‘Not Happy Jan’: TV ad’s cult success 20 years on
It was a simple enough premise. A low-level employee forgets to place her company's ad in the Yellow Pages - a major snafu in the days before Google searches - and dutifully legs it out of her office rather than face the wrath of her boss.
She is almost out of earshot when we hear one furious missive through a jammed window.
"Not Happy Jan!"
It was a commercial that first aired in September 2000 - exactly 20 years ago - and would slowly build into something far greater than just a television spot playing on the gag of an employee's negligence.
It would become nothing short of an Australian cultural touchstone.
The line itself - delivered by acclaimed Aussie actor Deborah Kennedy - was coined by an art director named Tony Greenwood.
Developed by the Melbourne arm of established agency Clemenger BBDO, the 30-second 'spot' was overseen by Ant Shannon who recalls that day.
"We had Tony and another art director named Sarah Barclay working on the campaign which was unusual … because usually you only have one creative person working on a project," says Shannon, who was creative director at Clemenger at the time.
"But Yellow Pages were known as a very creative client and, at the time, they had a history of winning a lot of awards."
The idea - or intended goal - was to transform the Yellow Pages from an annoying lump of banana-hued pulp dumped on every doorstep once-a-year into something Australians held dear.
"So we knew the ad had to be highly entertaining and would somehow connect the viewer to the product emotionally," Shannon says.
"As a result we developed this concept of 'scare tactics', you know. What a disaster it would be if someone forgot to place an ad in the Yellow Pages. And then have to endure a whole year without it there. What that would mean."
With the blueprint of the commercial laid out, the Clemenger team then came to the 'line' and a stream of suggestions followed.
"But then Tony says it …'Not Happy Jan'. And Tony is from Yorkshire in England so he has this really thick accent," Shannon recalls.
"And the way it came out … everyone in the room just burst out laughing.
"We all thought it was hilarious.
"So we presented it to the client and they thought it was hilarious.
"And then the ad came out and the early feedback we got was that it was just 'mildly amusing'. So at that point we had no idea that the ad would become famous.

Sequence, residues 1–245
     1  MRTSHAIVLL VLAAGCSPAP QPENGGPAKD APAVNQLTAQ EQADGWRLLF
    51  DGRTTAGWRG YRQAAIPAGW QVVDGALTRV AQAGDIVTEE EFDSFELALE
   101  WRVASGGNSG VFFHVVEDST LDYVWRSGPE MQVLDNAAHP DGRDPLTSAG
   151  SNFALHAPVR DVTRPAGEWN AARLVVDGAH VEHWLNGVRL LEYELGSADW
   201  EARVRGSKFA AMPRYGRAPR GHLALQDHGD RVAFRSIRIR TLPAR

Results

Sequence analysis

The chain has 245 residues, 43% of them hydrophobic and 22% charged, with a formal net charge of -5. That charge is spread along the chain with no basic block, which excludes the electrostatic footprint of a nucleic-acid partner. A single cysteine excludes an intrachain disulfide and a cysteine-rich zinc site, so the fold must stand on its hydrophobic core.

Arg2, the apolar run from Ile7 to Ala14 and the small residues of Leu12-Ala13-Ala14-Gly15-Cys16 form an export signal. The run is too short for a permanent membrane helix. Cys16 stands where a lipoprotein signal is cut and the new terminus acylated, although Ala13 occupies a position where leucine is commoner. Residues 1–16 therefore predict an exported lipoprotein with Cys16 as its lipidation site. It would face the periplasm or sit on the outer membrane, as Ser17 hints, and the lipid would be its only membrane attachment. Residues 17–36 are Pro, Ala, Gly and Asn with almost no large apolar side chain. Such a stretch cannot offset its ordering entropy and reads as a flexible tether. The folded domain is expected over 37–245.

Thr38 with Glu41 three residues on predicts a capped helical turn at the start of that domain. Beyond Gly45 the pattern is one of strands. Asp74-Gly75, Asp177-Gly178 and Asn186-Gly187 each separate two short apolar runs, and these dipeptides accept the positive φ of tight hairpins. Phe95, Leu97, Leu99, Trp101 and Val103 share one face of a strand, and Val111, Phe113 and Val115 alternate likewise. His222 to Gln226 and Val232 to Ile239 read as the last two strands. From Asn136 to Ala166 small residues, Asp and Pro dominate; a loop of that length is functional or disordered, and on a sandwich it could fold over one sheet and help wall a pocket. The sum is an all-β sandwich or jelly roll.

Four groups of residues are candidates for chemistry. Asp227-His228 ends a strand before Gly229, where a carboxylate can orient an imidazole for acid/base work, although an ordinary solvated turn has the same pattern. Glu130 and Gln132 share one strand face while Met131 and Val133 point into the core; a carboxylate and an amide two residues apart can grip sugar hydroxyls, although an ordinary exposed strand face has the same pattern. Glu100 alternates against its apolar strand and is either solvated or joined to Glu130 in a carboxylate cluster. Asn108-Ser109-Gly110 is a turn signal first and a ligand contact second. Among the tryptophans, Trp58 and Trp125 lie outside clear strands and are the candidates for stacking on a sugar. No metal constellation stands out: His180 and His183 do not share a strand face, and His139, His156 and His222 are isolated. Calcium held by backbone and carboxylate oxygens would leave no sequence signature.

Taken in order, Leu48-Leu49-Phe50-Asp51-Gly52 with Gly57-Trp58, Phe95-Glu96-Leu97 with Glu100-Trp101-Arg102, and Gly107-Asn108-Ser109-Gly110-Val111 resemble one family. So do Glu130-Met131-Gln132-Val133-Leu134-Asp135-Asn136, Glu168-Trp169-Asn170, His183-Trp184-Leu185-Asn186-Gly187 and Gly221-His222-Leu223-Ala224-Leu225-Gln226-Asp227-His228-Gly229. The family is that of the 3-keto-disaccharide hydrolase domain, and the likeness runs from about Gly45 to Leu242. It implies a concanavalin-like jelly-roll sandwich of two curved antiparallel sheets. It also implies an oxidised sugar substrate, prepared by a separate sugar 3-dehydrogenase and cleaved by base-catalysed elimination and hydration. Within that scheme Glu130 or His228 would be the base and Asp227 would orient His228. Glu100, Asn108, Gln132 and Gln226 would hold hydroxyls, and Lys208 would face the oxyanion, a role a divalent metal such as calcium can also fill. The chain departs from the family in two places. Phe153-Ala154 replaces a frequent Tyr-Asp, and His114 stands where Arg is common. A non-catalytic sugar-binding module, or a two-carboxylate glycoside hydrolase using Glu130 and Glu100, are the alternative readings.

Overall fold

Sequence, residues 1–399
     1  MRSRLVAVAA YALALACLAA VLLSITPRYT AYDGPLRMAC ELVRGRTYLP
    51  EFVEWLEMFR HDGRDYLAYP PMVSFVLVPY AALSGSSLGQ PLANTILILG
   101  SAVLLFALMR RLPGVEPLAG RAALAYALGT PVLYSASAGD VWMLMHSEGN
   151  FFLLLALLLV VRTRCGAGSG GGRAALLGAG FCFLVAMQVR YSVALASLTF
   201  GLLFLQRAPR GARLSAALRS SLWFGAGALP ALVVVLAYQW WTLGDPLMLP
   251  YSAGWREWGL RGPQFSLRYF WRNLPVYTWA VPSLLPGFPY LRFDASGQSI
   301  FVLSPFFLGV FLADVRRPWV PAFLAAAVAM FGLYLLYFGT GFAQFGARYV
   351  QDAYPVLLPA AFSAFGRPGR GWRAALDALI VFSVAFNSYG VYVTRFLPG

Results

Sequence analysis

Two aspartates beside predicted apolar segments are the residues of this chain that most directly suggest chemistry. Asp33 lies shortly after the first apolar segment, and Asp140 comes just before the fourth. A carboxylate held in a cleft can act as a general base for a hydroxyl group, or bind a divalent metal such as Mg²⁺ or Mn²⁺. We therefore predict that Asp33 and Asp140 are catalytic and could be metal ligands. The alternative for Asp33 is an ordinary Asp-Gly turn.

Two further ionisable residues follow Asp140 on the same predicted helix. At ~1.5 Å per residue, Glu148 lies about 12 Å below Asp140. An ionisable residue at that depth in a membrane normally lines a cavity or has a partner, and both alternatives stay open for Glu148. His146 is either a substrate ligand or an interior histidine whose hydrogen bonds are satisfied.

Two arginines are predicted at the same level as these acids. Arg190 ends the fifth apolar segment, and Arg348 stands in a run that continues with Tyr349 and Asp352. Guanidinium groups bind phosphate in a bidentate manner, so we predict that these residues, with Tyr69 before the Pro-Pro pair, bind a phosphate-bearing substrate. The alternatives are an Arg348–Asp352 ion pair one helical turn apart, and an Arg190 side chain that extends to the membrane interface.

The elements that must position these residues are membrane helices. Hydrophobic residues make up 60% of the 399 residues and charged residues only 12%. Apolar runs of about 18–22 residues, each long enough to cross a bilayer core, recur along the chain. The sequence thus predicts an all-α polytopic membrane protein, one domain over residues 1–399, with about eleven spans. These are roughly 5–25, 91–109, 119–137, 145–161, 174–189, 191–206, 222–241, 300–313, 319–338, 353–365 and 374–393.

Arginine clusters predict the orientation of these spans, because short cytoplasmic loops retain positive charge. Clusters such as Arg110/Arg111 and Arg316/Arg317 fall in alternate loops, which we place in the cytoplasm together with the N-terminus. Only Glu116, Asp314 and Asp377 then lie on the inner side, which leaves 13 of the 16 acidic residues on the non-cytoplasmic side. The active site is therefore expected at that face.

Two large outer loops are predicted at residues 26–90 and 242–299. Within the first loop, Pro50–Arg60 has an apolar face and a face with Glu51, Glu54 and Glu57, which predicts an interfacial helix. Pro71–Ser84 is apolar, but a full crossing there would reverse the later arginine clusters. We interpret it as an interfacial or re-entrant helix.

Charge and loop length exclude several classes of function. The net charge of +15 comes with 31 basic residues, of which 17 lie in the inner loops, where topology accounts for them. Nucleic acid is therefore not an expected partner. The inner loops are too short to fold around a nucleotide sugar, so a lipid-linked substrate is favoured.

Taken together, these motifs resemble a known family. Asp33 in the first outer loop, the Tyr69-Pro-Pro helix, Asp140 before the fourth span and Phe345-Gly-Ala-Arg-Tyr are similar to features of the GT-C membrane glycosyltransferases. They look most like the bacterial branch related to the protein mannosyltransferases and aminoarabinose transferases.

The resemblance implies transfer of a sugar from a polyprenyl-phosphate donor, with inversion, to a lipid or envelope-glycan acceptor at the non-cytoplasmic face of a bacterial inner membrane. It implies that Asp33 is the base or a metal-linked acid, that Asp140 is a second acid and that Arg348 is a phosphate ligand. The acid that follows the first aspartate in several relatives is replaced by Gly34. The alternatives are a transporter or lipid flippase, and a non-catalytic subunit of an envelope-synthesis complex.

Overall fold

"It was just a funny little commercial and it kind of went away."
Indeed the cult success of the Not Happy Jan ad would be something of a slow burn.
Deborah Kennedy, who delivered the fabled line through that grimy window, remembers her first inkling that something was rumbling beneath the surface.
"It was some time after the ad started to air and I was playing Gertrude in Hamlet opposite Jeremy Sims (at Belvoir Street Theatre) and it came to the famous scene where Hamlet says to Gertrude 'What's the matter?' and Gertrude says 'Your father is not happy with you' or 'your father is offended' or something like that.
"Well, we had a school audience on this particular day and boy did they let us have it," she laughed.
"They start singing out 'Not happy Hamlet!'.
"That's when I remember thinking; 'Oh my god … how am I ever going to get away from this commercial?
"It started to feel like that episode of The Simpsons where Bart says 'I didn't do it'. And for the rest of his life that's all anyone wants him to say.
"That was me. I was Bart Simpson."
Like The Simpsons, the cult of 'Not Happy Jan' had its early inceptions as something of an underground schoolyard gag before filtering out to the mainstream.
Before long it was just part of the Australian lexicon - the default Aussie alternative to swearing - the curse you could say without cursing.
"Like swearing at your kids without swearing. It just took on a life of its own … it was everywhere," says Kennedy, who admits she is often wrongly credited for coining the line.
"It was most definitely not my creation. It was in the script but I do remember saying it about 300 times the day we shot that ad."
Another obscure factoid - she says - is that the jammed window was not part of the script and instead a gift sent by the TV comedy gods.
"It was a very old building in Surry Hills (located on the corner of Devonshire and Chalmers streets) and it just happened that this window was this horrible thing that only opened a few inches. But it certainly added to the humour and the frustration of the moment.
"It was a very lucky accident."
Incredibly, 20 years on, 'Not Happy Jan' continues to live on according to Shannon who says he hears it referenced "in some way or another" every couple of months.
The ad (which ironically never won any major advertising awards) also marked what he says was the end of an era of sorts, with the advent of the internet in the early 2000s bringing a close to the might and clout that television advertising once wielded.
"Back then if you wanted to communicate with people it had to be on television and a campaign had to be good enough that it would build its own momentum as opposed to the 'viral' campaigns you see today," says Shannon, who now runs his own agency responsible, most-recently, for the seminal Kmart rebranding in 2016.
"TV ads had to be talked about and they had to capture attention.
"Nowadays there's nowhere near that pressure on TV advertising.
"These days advertising is aimed toward data-based communication platforms like Facebook and Instagram and skewed at very specific markets.
"I remember going to a mate's house and we'd sit around talking about great TV commercials we had seen but you definitely don't get that so much anymore.
"Which makes me feel extremely lucky to have been in the situation I was in 20 years ago … that's for sure."
Originally published as 'Not Happy Jan': TV ad's cult success 20 years on